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The battery performance of the HTC One E8 is pretty good indeed – perhaps not at the level of the other phones on the market (the Samsung Galaxy S5 is one of the better ones around, for instance) but it still performs remarkably well during testing.
The Extreme Power Saving Mode, enabled by the chipset, is once again in force, meaning that when you get into a situation where the battery is nearly dead, you can enable it to shut the phone down to all but the most rudimentary tasks, such as calling, text and a teeny bit of web browsing.
The mode isn't designed to give stellar battery life for all time – rather it's meant to be something you use in an emergency, or when you've got a night out after work and can't find your charger.
You know, life or death situations.
It's not perfect though. If you still use the phone at all, the battery will stop drop too fast, but if you want a long-lasting phone on standby, this mode will make the phone icy cold.
Running the standard TechRadar battery test, I found that once again things were acceptable from a media standpoint – this isn't going to be the best phone for watching a movie and getting on with your day, with a significant chunk of battery going to firing up the Super LCD display, but it's a long way from where it was just a year ago, meaning you've got a much leaner media machine under your grasp here.
The HTC One E8 follows its metal clad brother in a number of ways, but actually outperforms the M8 in terms of call quality, it seems.
While it's hard to actually quantify, due to not being able to place the same SIM in the two phones at once, I found that in my house, which is a notoriously tricky spot to get any kind of signal, the connection on the One E8 seemed to be superior.
In terms of actual use day to day, the only difference between the E8 and the One M8 is that the phone is slightly harder to hold in the plastic version (if you've gone for the glossy one, that is) but it's nothing to really worry about.
The on screen keyboard is still one of the best on the market from an OEM (although I still rate options like Swiftkey over the inbuilt one here, simply for better word prediction) and the messaging methods are plentiful and mostly well-integrated.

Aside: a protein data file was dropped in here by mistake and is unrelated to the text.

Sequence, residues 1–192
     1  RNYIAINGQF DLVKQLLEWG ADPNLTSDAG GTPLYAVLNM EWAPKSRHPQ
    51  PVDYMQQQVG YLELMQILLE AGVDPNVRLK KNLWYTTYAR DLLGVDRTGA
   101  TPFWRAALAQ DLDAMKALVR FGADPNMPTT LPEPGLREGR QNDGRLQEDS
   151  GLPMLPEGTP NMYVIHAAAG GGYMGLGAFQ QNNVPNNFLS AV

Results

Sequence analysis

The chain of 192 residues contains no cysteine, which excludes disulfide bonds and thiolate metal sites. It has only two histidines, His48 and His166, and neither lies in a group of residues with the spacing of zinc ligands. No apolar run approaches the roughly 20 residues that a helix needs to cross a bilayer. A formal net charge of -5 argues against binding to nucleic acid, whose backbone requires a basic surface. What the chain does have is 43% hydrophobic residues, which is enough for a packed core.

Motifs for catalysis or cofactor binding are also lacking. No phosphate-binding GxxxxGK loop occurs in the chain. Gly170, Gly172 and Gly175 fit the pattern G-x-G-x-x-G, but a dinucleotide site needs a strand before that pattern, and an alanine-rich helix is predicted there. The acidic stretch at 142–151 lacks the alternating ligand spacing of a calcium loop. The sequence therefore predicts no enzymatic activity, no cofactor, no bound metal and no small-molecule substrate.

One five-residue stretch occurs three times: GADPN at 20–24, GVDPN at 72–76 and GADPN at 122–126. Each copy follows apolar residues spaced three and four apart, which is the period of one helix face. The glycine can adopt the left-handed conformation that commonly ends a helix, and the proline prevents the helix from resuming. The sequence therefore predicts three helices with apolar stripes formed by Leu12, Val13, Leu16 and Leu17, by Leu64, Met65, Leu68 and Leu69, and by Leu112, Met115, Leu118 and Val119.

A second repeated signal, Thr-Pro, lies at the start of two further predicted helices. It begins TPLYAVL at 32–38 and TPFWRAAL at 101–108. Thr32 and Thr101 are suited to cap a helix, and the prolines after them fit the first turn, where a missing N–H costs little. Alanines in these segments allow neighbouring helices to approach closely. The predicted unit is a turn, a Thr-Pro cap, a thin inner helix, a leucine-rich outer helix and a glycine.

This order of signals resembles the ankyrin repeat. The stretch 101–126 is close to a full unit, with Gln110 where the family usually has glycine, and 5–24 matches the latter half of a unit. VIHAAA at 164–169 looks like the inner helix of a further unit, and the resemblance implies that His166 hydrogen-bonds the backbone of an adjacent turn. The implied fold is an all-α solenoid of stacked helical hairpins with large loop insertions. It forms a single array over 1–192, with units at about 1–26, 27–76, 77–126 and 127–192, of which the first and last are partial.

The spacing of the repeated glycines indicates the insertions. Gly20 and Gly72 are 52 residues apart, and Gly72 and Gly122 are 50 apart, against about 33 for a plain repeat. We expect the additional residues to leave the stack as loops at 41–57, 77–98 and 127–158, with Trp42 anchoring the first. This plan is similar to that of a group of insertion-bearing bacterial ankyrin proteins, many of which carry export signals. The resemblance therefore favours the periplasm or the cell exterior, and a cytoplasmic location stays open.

If you want to read more about this – be it the call quality, options during a call, the messaging options or the internet browsing capabilities – then check out that section of the main M8 review to get your fix.
That said, I would like to talk up the screen again, even though it is the same one as found in the One M8. If you're using this phone to browse the internet, the 5-inch display is more than good enough – in fact, it's pin sharp with good colour reproduction to get you right what you need into your eyeballs.
You're now free to go and read more about this in the One M8 review – but you know me, always want to make sure those that hate clicking get the highlights.
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Gareth has been part of the consumer technology world in a career spanning three decades. He started life as a staff writer on the fledgling TechRadar, and has grown with the site (primarily as phones, tablets and wearables editor) until becoming Global Editor in Chief in 2018. Gareth has written over 4,000 articles for TechRadar, has contributed expert insight to a number of other publications, chaired panels on zeitgeist technologies, presented at the Gadget Show Live as well as representing the brand on TV and radio for multiple channels including Sky, BBC, ITV and Al-Jazeera. Passionate about fitness, he can bore anyone rigid about stress management, sleep tracking, heart rate variance as well as bemoaning something about the latest iPhone, Galaxy or OLED TV.